Rating: 4 out of 5 stars
Like many application developers, I spend a considerable number of my waking hours typing on a keyboard. Just as runners are serious about the kind of shoes they wear, I very carefully select the keyboard I use. I’m concerned not only with comfort but also with preventing carpal tunnel syndrome, a work hazard that affects a small percentage of my peers.
Over the past 25 years of my application development career, I’ve written code using a number of keyboard variations, ranging from simple to exotic, cheap to extravagant, and wired to wireless. Although each keyboard had its strengths, nearly all of them had flaws in one form or another that kept me from finding the perfect fit. The keys were too spongy or too noisy, boards were too flat or too curved, wireless keyboards gulped batteries like water, additional features were too few or too overwhelming. Even with all the innovations in the computing space in the past 25 years, we’re still entering characters using the same QWERTY key entry approach used by 100-year-old Royal typewriters, and we remain bound by this archaic means of data entry.
Computing has grown beyond the solitary PC experience and moved into the living room, the pocket, and the car. As a result, the lowly keyboard is getting more attention than ever these days. Microsoft is no stranger to the keyboard market, having created several designs primarily for office workers. Although these keyboards were adequate for the general user, my personal preference was for a more streamlined, wireless approach. When Microsoft sent me its newest wireless keyboard for review, the Microsoft Arc Keyboard, I thought my search for keyboard nirvana had ended; however, the Arc still lacks that complete keyboard bliss I’ve beenseeking.
Weighing in at less than a pound, the Arc is a solid-built, low-noise, comfortable radio frequency (RF) keyboard that has a remarkable 30-foot range. The Arc communicates with the host computer via a small RF USB receiver that can be easily transported in the magnetic holder in the keyboard’s base. In an effort to keep the Arc as small yet as functional as possible, Microsoft made certain design compromises. The keyboard has no numeric keypad, the arrow keys are condensed into a single 4-way toggle key, and there's no onboard mouse for those moments when keyboard accelerators just don't cut it.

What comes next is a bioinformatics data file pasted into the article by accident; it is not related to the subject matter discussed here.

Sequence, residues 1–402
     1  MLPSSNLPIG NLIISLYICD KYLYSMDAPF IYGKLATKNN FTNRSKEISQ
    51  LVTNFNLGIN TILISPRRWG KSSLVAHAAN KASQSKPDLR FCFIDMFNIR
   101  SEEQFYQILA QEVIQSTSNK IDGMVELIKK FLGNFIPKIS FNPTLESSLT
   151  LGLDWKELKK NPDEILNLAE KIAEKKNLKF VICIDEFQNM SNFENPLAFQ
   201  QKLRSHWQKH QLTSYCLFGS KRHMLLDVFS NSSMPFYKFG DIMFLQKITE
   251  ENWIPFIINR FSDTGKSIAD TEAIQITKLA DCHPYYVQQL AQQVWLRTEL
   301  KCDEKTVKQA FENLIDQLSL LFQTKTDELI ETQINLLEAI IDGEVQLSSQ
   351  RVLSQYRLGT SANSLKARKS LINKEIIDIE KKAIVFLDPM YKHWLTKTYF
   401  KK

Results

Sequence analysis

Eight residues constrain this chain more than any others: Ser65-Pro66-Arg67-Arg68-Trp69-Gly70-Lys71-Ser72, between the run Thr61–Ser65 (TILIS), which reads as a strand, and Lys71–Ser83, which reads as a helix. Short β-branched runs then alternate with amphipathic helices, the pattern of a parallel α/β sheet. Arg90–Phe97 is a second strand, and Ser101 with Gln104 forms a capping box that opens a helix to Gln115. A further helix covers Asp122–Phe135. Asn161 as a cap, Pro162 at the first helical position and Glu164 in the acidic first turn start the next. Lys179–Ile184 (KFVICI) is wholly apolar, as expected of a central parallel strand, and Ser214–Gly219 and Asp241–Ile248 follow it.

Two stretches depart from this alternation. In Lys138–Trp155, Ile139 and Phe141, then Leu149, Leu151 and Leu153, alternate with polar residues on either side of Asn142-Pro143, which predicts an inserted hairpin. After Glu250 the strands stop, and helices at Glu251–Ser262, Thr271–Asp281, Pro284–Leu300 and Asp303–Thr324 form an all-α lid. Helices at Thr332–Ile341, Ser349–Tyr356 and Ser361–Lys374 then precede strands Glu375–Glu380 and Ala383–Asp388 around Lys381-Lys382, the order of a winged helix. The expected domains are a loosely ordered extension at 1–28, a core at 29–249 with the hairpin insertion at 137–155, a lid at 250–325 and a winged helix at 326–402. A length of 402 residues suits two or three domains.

The keyboard isn't perfect. However, when I'm in a coding frenzy, I seldom need such extra features anyway. I most highly value a comfortable sitting position, a stress-free wrist angle, and a responsive key press action. Most of all, the keyboard’s name really is accurate—the curvature of the Arc feels much more comfortable than a traditional flat keyboard. The Arc met my high expectations, and I felt more productive using it because the keyboard helped me quickly achieve my trance-like code flow state.
Given the timing of the Arc's release, one might conclude that it was in competitive response to Apple's recently released wireless keyboard, a design that’s nearly identical in size. However, although the Apple product has a more elegant design aesthetic (and costs $9 more than the Arc’s $59.95), I found it to be uncomfortable. Its flat design forced my wrists to unnaturally supinate, placing noticeable strain on my wrists and fingers. Apple’s keyboard is also dependent on Bluetooth, making it less attractive for anything other than a Bluetooth-enabled Apple computer. In contrast, the Microsoft Arc worked flawlessly on a Windows, Mac, and Linux workstation due to its reliance on RF independent of the computer's internal hardware.
After I got the hang of the Arc’s small form factor and design aesthetics, I became enthralled with it. However, after I used the keyboard for a few weeks and my infatuation dimmed, the Arc’s shortcomings and rare unresponsive key presses reset my ultra-high expectations. The keyboard works extremely well for media center–style couch control and casual surfing, emailing and eMacs, and vi-style coding. But if you’re a developer who uses the arrow keys or enters a lot of numbers using a full-sized keyboard number pad, the Arc’s elegance will be overshadowed by these intentional design omissions.
Minimalists who value maximum comfort above all other data-entry criteria will find the Microsoft Arc to be a remarkable, efficient keyboard. Although the addition of a keypad would have added greater functionality, it also would have negatively affected the Arc’s lightweight design philosophy. The lack of a mouse forced me to rely on keyboard accelerators more than I’m used to (especially when dealing with all the window panes in Visual Studio), but after I acclimated to this minor annoyance, I quickly adapted to the new approach this comfortable keyboard afforded me. If you're looking for a different kind of keyboard for your coding runs, consider giving the Microsoft Arc a try.
Mike Riley ([email protected]) is an advanced computing professional specializing in emerging technologies and new development trends. He is also a contributing editor for DevConnections.